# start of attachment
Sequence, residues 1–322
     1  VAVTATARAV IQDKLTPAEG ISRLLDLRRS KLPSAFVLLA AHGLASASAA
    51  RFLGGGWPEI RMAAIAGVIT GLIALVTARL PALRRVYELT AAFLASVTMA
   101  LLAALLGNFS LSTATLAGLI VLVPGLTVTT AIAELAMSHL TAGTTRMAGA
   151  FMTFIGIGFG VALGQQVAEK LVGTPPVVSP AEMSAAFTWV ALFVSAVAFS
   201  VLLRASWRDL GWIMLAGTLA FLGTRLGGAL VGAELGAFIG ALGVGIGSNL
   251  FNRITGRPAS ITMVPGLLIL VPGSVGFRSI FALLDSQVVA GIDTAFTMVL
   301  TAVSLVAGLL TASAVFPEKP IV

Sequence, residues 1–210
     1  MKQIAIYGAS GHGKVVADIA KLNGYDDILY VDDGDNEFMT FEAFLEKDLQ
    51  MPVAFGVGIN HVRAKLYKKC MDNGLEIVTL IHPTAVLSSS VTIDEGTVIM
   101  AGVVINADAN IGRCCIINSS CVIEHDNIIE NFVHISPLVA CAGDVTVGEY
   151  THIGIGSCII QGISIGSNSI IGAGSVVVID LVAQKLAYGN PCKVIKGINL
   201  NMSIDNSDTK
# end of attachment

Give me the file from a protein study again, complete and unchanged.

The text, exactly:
Sequence, residues 1–322
     1  VAVTATARAV IQDKLTPAEG ISRLLDLRRS KLPSAFVLLA AHGLASASAA
    51  RFLGGGWPEI RMAAIAGVIT GLIALVTARL PALRRVYELT AAFLASVTMA
   101  LLAALLGNFS LSTATLAGLI VLVPGLTVTT AIAELAMSHL TAGTTRMAGA
   151  FMTFIGIGFG VALGQQVAEK LVGTPPVVSP AEMSAAFTWV ALFVSAVAFS
   201  VLLRASWRDL GWIMLAGTLA FLGTRLGGAL VGAELGAFIG ALGVGIGSNL
   251  FNRITGRPAS ITMVPGLLIL VPGSVGFRSI FALLDSQVVA GIDTAFTMVL
   301  TAVSLVAGLL TASAVFPEKP IV

Sequence, residues 1–210
     1  MKQIAIYGAS GHGKVVADIA KLNGYDDILY VDDGDNEFMT FEAFLEKDLQ
    51  MPVAFGVGIN HVRAKLYKKC MDNGLEIVTL IHPTAVLSSS VTIDEGTVIM
   101  AGVVINADAN IGRCCIINSS CVIEHDNIIE NFVHISPLVA CAGDVTVGEY
   151  THIGIGSCII QGISIGSNSI IGAGSVVVID LVAQKLAYGN PCKVIKGINL
   201  NMSIDNSDTK